The New York State Appeals Court on Thursday upheld a jury’s decision to convict Martin Heidgen of depraved indifference murder, after he killed a 7-year-old Lido Beach girl and a limousine driver when he drove drunk the wrong way on the Meadowbrook Parkway in 2005.
The panel of seven judges voted 5-2 to uphold the decision after Heidgen’s attorney, Jillian Harrington, argued to the Appeals Court on Oct. 8 that his client was too intoxicated to be convicted of second-degree murder.
Maureen McCormick, of the Nassau County District Attorney’s Vehicular Crimes Bureau, argued to uphold the conviction. Nassau D.A. Kathleen Rice said in a statement about the Appeals Court Decision: “There are times when this crime is murder, and we have to be willing to call it that when we know it will save lives. Hopefully this ruling will give other prosecutors the legal confidence to push for murder convictions for the worst of the worst drunk drivers. We have a long way to go but this is a monumental victory in our fight for safer roads.”
In October 2006, after a five-week trial, Heidgen was convicted of second-degree murder after he drove drunk in a pickup truck traveling in the wrong direction on the Meadowbrook Parkway on July 2, 2005. His vehicle slammed into a limousine that was carrying 7-year-old Katie Flynn, her family and driver Stanley Rabinowitz, 59, of Farmingdale, who were heading home from a wedding in which Katie was the flower girl. Katie and Rabinowitz were killed in the crash.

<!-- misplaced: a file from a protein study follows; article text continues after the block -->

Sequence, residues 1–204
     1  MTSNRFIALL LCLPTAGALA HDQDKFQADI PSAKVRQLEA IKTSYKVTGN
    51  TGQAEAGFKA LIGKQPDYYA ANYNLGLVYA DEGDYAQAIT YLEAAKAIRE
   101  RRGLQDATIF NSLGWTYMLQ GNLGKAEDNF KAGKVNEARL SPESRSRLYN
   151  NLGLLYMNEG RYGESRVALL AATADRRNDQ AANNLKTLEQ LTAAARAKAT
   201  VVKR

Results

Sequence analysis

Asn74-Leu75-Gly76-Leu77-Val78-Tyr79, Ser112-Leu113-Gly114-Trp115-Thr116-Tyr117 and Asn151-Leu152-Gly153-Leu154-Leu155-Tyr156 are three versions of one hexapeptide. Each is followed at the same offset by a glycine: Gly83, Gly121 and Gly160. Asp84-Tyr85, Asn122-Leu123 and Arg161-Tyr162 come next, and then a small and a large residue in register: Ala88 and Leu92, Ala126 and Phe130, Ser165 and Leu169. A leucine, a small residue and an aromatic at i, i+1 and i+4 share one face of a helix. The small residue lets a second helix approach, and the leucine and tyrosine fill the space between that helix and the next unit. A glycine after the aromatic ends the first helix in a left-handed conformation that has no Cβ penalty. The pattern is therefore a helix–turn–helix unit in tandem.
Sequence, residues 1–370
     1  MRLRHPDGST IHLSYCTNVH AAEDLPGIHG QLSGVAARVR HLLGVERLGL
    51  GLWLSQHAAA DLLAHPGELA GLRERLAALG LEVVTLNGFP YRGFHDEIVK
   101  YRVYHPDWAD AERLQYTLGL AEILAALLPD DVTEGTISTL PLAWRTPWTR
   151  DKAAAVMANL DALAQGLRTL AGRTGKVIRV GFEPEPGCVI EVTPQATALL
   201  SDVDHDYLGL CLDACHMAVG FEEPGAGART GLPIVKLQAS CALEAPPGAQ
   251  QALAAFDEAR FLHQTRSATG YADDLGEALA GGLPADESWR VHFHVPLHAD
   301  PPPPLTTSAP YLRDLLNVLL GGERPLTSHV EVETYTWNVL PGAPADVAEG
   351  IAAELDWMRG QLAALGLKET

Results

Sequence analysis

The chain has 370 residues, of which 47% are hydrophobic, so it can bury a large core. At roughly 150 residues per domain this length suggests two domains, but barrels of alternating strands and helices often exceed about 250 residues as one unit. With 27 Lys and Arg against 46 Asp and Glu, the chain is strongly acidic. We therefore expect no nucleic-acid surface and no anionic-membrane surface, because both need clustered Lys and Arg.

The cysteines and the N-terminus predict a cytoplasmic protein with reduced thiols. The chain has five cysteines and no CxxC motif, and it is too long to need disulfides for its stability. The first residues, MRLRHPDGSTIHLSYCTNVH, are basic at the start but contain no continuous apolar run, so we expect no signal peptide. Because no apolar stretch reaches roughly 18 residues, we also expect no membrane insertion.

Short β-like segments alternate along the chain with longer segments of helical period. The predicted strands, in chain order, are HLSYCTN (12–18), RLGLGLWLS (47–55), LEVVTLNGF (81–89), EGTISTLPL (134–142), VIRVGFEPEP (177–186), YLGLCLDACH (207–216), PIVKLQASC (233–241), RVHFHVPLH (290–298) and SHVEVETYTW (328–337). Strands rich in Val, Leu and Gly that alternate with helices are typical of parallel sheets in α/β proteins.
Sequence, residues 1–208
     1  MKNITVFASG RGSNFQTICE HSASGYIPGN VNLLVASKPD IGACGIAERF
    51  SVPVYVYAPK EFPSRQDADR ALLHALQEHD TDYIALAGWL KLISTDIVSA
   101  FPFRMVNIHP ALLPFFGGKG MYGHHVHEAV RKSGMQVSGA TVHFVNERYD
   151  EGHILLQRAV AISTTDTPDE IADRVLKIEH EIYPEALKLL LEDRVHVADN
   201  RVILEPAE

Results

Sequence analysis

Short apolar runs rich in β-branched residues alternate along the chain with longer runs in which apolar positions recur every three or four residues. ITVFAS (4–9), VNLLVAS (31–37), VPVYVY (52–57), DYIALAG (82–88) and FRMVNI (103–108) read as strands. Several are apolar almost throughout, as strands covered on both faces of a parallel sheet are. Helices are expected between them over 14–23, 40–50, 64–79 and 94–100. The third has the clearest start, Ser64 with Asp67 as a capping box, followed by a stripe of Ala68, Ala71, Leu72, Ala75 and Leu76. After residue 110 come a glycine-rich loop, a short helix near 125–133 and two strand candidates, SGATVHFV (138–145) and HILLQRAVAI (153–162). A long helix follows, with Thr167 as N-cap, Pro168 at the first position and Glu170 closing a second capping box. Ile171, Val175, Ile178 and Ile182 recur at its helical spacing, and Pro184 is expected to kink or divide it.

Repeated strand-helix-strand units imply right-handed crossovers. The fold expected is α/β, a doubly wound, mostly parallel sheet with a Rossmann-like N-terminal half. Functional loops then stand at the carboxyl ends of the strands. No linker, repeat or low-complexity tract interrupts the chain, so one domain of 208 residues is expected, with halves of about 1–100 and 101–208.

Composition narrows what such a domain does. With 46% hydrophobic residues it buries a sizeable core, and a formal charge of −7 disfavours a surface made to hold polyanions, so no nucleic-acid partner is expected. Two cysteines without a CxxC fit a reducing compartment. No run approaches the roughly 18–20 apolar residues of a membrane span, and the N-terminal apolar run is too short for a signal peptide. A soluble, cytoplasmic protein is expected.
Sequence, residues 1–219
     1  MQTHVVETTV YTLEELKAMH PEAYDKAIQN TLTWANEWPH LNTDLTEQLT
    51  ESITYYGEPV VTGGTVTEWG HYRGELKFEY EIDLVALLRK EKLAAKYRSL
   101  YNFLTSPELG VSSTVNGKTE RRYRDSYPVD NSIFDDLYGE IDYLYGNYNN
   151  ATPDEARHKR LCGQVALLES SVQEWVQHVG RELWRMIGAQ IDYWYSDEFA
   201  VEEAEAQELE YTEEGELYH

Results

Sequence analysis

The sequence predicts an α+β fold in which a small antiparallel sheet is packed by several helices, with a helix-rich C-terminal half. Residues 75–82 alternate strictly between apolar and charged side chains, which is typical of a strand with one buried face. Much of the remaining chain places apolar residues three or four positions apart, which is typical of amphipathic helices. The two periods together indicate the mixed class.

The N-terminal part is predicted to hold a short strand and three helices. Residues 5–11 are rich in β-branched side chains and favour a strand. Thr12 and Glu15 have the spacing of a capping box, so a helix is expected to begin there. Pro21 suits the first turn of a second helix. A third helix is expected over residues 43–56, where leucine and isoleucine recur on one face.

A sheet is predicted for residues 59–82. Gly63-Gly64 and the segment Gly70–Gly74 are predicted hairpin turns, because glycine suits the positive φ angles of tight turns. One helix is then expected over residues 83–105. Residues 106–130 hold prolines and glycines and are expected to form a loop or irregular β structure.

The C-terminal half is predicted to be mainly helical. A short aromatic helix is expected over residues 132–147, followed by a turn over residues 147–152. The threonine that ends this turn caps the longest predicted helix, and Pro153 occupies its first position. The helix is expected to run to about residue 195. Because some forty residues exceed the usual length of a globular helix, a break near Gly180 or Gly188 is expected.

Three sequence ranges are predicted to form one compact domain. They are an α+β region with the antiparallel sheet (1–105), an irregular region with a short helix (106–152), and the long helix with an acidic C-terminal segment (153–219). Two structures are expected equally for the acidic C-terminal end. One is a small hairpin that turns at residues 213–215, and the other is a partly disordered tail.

Police said Heidgen's blood-alcohol content registered .28 percent, well above the legal limit of .08 percent. He is serving a prison sentence of 18 years to life for the crime.
In September 2011, the New York State Supreme Court Appellate Division ruled to uphold Heidgen’s conviction after his defense attorney tried to argue that his client should have been tried on the lesser charge of manslaughter, not murder, and that police mishandled blood evidence that measured his level of intoxication.
Court Chief Judge Jonathan Lippman, a supporting judge, wrote in an opinion
that Heidgen drove for nearly two miles on the Meadowbrook without reacting to
the horns of drivers coming at him or to wrong-way signs, and that a
toxicologist testified that Heidgen’s blood alcohol level would not render him
incapable of reacting at all, according to the
Herald. Lippman wrote:
"Based on this evidence, the jury could have found that, despite defendant’s intoxication, he perceived his surroundings. The jury could have reasonably concluded that defendant drove, knowing that he was on the wrong side of the road and with an appreciation of the grave risks involved in that behavior."
Long Beach Police Commissioner Michael Tangney, who is an uncle to Katie’s mother, Jennifer, told the Herald that the ruling as a tremendous relief for him and his family:
“A tremendous weight has been lifted off our shoulders. There were so many potential ways that this could have gone, anything from a retrial to a vacated plea to time served — the possibilities were endless. The most important thing going forward is that they did away with excuses — the excuse for being drunk is no longer viable.”
Harrington was not available for comment Thursday.